In a statement, the Commission emphasised that “the fact that the Commission carries out such inspections does not mean that the companies are guilty of anti-competitive behaviour nor does it prejudge the outcome of the investigation itself.”
As reported in an earlier blog, the car industry faces numerous antitrust investagations globally, with as many as 70 companies involved.
On 18 March 2014, MEPs and European Council representatives agreed on the terms of a new proposed directive on antitrust damages. The measure, which is expected to become law before the European elections in May 2014, is intended to make it easier for victims of cartel activity to claim compensation.
The main changes to the law will be that:
Decisions of national competition authorities will constitute full proof before civil courts that the infringement occurred.
Clear limitation period rules will be established.
Victims will be able to obtain full compensation for lost profits as well as actual loss suffered.
A rebuttable presumption that cartels cause harm will be established, and
- Victims will have easier access to evidence to pursue cases.
Joaquín Almunia, the European Commissioner for Competition, said: “This directive will remove the barriers that currently prevent the victims of antitrust infringements in the EU from obtaining effective compensation. At the same time, it will ensure an adequate and balanced interaction between actions for damages and the effective public enforcement of competition law by the Commission and national competition authorities.”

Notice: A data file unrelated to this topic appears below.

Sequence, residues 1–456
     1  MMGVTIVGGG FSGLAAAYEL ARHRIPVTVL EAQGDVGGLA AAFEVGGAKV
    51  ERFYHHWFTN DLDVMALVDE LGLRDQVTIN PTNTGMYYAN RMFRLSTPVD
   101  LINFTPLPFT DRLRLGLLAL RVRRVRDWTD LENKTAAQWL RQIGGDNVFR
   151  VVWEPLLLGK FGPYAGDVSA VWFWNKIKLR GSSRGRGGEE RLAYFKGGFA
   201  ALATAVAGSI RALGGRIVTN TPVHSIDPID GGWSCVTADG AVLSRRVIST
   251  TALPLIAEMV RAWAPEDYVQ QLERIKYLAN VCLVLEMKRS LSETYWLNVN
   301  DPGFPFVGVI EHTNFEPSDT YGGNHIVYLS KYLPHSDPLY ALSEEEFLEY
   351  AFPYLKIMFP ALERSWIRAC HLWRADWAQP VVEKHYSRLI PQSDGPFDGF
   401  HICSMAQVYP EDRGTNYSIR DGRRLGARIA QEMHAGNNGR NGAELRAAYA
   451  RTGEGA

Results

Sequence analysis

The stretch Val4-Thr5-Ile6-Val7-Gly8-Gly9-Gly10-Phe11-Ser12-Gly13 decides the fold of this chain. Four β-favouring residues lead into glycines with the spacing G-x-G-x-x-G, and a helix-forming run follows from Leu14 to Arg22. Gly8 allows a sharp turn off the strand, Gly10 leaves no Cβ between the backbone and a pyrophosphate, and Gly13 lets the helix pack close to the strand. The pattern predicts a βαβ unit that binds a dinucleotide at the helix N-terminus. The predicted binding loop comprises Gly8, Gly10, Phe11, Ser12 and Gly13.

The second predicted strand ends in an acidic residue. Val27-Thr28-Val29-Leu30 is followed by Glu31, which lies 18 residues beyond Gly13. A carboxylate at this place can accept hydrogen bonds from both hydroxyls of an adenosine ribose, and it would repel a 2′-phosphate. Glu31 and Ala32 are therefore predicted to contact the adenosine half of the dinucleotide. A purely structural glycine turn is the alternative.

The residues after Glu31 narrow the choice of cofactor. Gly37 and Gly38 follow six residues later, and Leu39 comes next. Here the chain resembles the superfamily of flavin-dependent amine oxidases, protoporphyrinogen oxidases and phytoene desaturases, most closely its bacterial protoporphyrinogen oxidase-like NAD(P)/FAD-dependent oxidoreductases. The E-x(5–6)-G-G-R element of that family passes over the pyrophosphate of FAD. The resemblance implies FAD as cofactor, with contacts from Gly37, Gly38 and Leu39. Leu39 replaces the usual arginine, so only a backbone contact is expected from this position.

On 18 March 2014 Italy’s Competition Authority, the Autorità Garante della Concorrenza e del Mercato (“AGCM”), announced the launch of a bid-rigging investigation into Chef Express S.p.A. and My Chef Ristorazione Commerciale S.p.A. Both companies manage motorway service restaurants.
The independent company managing the submission process for tenders drew the attention of the authorities to evidence of collusion. According to the AGCM, evidence indicated that the two companies had colluded on bids for 16 of the 43 licences available. It has been alleged that they intended to take 8 licences each.